Poetry: Martin Ott

High Above the Airport

Imagine you’re a decorated pilot
descending from a dogfight.
No, a child with paper wings
plunging spellbound toward earth.
The sky is gray, the wind whistling
nursery rhymes. Below you, planes
taxi in a long line like polite school
children waiting to learn the secret
behind the Easter Bunny and Saint
Nicholas. Imagine you’ve already
reached the zenith and there’s no
place left to go but down among ant
people and ant cars. Above, ducks
zigzag in formation, no leaders,
no followers, death surely below.
Imagine you’re a tired leaf leaping
from the boughs of a silver maple,
or a woman’s ripe belly descending,
both acts monumental, meaningless,
frozen in time. You understand now
that flying is perilous, waxen wings
melting in a sun, a fireball melting
the beams of skyscrapers, emptiness,
smoke. As you near the lit runway,
the planes jockey like pigeons pecking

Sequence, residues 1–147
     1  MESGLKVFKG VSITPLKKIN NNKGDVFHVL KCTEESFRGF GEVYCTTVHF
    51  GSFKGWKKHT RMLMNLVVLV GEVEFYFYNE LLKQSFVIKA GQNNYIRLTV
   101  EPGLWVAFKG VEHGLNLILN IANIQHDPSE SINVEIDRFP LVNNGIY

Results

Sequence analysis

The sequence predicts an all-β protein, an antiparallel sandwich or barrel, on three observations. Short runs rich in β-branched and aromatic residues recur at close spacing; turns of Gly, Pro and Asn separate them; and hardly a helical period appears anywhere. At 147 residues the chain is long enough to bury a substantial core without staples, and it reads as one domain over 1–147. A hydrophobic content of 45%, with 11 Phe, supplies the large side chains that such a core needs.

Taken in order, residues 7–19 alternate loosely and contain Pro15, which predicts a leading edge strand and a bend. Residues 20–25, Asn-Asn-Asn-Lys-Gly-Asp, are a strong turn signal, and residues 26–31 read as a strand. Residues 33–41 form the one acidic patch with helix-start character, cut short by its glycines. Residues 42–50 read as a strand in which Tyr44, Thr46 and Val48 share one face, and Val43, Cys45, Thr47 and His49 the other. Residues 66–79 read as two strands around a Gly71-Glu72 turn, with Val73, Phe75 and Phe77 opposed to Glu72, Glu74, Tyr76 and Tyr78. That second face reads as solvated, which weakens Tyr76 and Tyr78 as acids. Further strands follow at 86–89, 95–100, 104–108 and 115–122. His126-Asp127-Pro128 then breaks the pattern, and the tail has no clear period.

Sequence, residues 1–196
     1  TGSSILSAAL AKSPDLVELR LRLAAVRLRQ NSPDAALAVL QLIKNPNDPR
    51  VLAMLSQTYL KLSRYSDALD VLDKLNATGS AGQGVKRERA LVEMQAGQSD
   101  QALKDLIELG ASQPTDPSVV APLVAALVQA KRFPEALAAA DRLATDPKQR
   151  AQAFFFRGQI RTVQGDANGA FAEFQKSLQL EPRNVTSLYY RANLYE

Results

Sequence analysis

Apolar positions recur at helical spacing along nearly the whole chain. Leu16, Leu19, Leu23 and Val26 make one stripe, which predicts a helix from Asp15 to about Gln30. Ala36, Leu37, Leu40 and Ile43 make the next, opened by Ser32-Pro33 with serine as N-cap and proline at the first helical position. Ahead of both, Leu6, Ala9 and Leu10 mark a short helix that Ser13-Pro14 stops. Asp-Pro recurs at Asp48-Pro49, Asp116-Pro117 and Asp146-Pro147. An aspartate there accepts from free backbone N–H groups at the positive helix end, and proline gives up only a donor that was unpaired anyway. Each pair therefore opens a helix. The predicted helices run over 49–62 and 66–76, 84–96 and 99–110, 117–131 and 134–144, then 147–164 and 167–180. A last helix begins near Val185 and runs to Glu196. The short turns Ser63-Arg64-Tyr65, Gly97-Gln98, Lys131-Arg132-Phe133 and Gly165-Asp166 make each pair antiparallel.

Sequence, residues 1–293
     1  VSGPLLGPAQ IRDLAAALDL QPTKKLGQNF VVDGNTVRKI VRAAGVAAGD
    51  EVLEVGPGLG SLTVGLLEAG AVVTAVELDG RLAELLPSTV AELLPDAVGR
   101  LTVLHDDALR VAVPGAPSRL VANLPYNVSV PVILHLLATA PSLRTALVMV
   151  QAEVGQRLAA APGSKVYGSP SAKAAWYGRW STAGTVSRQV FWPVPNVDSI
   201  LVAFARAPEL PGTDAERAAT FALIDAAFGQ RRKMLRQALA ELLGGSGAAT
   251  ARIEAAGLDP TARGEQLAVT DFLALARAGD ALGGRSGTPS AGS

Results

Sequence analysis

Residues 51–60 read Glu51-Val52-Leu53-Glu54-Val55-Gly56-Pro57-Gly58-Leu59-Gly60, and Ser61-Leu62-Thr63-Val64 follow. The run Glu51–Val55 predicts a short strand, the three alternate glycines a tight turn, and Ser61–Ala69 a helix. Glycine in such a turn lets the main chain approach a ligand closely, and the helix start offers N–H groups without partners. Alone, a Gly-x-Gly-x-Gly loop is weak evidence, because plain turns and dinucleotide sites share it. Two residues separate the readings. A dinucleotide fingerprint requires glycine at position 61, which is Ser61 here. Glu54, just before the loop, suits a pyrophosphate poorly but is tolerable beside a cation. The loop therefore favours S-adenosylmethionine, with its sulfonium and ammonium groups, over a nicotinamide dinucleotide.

each other’s eyes. We dream about
falling as children, defining ground
and sky. As you finally touch down,
you wake to find your neck is stiff,
your mouth dry. Below, there are no
winged wonders, no leaping super
heroes to prop us on our clouds,
just a plane full of strangers
clutching armrests like hands.


A black birch sapling catches
an early September snowfall
outside of the family goldmine,
bending the branches into gnarled

limbs that stunt its growth.
Year after year, the men
In my family take their clan
out to spend vacation mining

for the untapped vein that will
rain gold onto our ancestors’ eyes.
The misshapen tree guards the airfield
and stands watch over the pilings,

blueberry fields and moose crossing.
One night, when my grandfather
hugged the stunted birch at moonfall,
boots stamping against permafrost,

I could not tell if the warped wood
swallowed the man, or if we were
just hardened by the curves of Alaska
folding over us another season.